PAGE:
USDA, FDA to jointly oversee lab-grown meat

A burger made from cultured beef. The USDA and the Food and Drug Administration have reached an agreement on how cultured meat will be regulated.

USDA and the Food and Drug Administration have come to terms on oversight of cell-cultured meat and poultry products. The agencies on Friday announced they will both play a part, with FDA taking the lead on the front end and USDA assuming the lead closer to market.

Early in the discussion over regulatory oversight, FDA officials strongly asserted jurisdiction and in July held a public forum on regulating the fledgling industry without USDA involvement.

Livestock groups pushed USDA oversight, contending the food safety, labeling and marketing of those products fit squarely within its expertise and authority. Fair and accurate labeling and marketing of alternative products that would compete with conventional products was a top concern.

In a joint statement, USDA Secretary Sonny Perdue and FDA Commissioner Scott Gottlieb said the agencies agreed on a joint regulatory framework following stakeholder feedback.

FDA will oversee cell collection, cell banks and cell growth and differentiation. Oversight will then transfer to USDA during cell harvest and will continue through the production and labeling of lab-grown food products.

“This regulatory framework will leverage both the FDA’s experience regulating cell-culture technology and living biosystems and the USDA’s expertise in regulating livestock and poultry products for human consumption,” Purdue and Gottlieb said in a statement.

Livestock groups responded positively but said establishing jurisdiction was just the first step.

“This announcement that USDA would have primary jurisdiction over the most important facets of lab-produced fake meat is a step in the right direction,” Colin Woodall, senior vice president of government affairs for National Cattlemen’s Beef Association, said in a press statement.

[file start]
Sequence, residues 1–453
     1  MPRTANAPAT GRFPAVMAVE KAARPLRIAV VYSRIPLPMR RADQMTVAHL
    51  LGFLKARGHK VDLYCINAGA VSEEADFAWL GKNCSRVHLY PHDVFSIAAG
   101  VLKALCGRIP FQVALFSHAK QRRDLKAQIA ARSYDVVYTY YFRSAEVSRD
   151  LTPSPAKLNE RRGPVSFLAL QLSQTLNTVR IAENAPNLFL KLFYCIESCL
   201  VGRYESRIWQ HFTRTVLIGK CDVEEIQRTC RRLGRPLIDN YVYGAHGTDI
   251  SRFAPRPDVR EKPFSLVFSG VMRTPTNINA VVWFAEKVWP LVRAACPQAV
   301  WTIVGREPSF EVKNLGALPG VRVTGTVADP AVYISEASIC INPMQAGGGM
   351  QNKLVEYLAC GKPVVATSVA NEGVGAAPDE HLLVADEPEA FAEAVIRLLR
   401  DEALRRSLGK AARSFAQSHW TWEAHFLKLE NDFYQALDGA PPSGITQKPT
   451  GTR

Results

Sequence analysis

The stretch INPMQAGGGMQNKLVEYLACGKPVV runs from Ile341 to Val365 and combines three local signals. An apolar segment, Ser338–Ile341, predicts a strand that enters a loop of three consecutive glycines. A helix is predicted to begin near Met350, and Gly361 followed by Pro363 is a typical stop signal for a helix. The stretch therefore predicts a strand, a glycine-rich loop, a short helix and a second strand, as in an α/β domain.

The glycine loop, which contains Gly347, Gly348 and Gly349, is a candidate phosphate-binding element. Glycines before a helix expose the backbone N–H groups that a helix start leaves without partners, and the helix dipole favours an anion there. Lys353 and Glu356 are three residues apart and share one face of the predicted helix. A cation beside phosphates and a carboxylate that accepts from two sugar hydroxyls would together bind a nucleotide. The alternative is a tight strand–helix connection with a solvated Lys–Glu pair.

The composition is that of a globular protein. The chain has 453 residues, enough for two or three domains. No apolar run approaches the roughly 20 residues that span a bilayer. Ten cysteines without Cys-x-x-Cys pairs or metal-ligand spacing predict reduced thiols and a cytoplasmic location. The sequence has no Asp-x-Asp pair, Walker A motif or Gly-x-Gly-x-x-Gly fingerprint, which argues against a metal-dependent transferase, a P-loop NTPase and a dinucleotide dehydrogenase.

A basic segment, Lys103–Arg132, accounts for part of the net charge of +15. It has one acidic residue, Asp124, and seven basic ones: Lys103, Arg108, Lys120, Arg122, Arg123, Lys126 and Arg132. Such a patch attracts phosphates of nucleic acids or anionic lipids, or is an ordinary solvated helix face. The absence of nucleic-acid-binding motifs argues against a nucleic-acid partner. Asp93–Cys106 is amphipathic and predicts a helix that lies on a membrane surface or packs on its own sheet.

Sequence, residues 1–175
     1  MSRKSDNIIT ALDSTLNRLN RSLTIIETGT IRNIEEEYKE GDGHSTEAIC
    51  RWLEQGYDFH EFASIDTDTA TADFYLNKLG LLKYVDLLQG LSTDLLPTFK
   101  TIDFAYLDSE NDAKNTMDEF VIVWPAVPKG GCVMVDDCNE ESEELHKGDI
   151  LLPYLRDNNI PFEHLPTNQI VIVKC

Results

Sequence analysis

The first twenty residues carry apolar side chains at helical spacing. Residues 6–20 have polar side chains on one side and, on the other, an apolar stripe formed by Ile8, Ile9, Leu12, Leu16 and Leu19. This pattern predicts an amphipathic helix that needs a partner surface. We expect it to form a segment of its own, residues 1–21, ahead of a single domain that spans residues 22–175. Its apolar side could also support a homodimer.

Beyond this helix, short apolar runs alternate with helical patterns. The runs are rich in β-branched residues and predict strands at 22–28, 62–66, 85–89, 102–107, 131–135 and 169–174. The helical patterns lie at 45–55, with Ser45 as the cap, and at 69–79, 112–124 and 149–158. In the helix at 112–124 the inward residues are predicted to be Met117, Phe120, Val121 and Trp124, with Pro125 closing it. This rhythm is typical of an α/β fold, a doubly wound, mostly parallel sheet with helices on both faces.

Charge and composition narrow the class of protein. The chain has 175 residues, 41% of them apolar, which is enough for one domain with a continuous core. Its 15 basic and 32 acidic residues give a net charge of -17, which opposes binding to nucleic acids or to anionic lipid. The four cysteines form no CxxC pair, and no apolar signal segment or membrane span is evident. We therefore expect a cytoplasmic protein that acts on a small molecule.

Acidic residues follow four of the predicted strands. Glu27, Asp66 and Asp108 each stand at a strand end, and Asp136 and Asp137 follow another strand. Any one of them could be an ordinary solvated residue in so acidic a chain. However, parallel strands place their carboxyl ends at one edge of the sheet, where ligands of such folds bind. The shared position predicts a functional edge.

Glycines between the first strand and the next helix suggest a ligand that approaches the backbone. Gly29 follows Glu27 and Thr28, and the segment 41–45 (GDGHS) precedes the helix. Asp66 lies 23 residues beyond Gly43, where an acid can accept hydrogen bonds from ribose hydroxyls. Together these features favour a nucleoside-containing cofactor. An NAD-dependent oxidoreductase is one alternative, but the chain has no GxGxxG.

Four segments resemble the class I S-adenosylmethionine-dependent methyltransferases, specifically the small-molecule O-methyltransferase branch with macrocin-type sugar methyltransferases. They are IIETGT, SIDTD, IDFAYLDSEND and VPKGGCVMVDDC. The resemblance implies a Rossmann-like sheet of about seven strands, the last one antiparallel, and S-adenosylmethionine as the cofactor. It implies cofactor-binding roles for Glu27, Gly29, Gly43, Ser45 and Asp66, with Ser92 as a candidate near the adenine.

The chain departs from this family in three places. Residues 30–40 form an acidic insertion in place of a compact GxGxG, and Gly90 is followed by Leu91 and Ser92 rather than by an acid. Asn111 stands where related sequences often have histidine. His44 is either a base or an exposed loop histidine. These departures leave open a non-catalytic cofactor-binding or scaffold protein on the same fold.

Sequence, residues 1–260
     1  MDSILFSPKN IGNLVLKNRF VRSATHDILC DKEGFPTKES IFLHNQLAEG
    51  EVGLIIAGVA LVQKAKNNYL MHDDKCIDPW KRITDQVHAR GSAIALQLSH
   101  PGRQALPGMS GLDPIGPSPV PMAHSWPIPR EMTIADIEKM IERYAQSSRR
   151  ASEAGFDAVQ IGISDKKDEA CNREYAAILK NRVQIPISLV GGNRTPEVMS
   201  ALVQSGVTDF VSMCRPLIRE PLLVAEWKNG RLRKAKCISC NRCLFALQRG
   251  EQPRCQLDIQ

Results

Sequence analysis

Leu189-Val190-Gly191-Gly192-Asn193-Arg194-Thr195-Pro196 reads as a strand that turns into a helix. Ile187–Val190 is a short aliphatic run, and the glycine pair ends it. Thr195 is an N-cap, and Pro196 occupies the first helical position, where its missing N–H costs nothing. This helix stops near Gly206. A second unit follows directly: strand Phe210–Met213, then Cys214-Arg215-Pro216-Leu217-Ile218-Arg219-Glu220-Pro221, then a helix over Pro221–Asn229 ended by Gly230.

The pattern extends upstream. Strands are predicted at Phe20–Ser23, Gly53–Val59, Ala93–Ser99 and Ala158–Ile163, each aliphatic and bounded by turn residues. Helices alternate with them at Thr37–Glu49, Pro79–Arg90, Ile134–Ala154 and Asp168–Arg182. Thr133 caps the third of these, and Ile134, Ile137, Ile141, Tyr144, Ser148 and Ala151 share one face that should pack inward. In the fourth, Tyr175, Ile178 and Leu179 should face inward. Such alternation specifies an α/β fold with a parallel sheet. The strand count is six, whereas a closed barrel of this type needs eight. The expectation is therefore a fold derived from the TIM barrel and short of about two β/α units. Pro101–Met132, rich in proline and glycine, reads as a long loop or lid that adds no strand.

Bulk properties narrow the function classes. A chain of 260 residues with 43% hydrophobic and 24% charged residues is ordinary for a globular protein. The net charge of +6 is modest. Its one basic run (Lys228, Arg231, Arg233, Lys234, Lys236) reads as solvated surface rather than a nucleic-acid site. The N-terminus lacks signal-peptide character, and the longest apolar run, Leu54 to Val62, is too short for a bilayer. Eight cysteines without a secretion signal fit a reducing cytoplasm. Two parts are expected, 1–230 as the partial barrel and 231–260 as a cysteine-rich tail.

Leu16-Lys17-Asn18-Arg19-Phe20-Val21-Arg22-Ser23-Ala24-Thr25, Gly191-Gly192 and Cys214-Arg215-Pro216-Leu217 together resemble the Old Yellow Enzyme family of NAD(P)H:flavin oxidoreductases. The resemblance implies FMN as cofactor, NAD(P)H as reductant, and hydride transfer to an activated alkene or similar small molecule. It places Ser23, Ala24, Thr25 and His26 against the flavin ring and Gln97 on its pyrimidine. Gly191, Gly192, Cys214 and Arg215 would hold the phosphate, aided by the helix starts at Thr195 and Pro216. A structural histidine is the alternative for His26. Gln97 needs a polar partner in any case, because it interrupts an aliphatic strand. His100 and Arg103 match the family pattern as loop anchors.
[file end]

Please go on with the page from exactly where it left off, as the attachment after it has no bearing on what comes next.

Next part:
“But there is still a lot of work to do on this issue to ensure that real beef producers and consumers are protected and treated fairly,” he said.

Specific regulations and guidance will have to be developed for manufacturers and retailers, and the label is one of the biggest questions marks, Max Moncaster, NCBA associate director of policy communications, told Capital Press.

USDA will be responsible for leading a public process to determine what the products will be called before they can enter the marketplace, he said.

NCBA has argued the products should not be allowed to use such terms as “beef” and “meat.”

There also needs to be specific regulations laid out for overseeing the production process, and NCBA believes USDA veterinarians should be involved to ensure cells are taken from a healthy animal, Moncaster said.

Lab-grown products will also likely require their own set of unique retail guidance and risk-mitigation measures addressing food-borne pathogens, he said.

U.S. Cattlemen’s Association has repeatedly stated that interagency collaboration is key in the issue and is encouraged by the announcement of a joint regulatory framework, Kenny Graner, USCA president, said in a press statement.

“Now that we have settled on the jurisdiction of these products, it’s time to move on to ensuring a truthful and transparent label for consumers,” he said.

“Our petition for rulemaking to the USDA’s Food Safety and Inspection Service on the definitions of ‘beef’ and ‘meat’ must be addressed,” he said.

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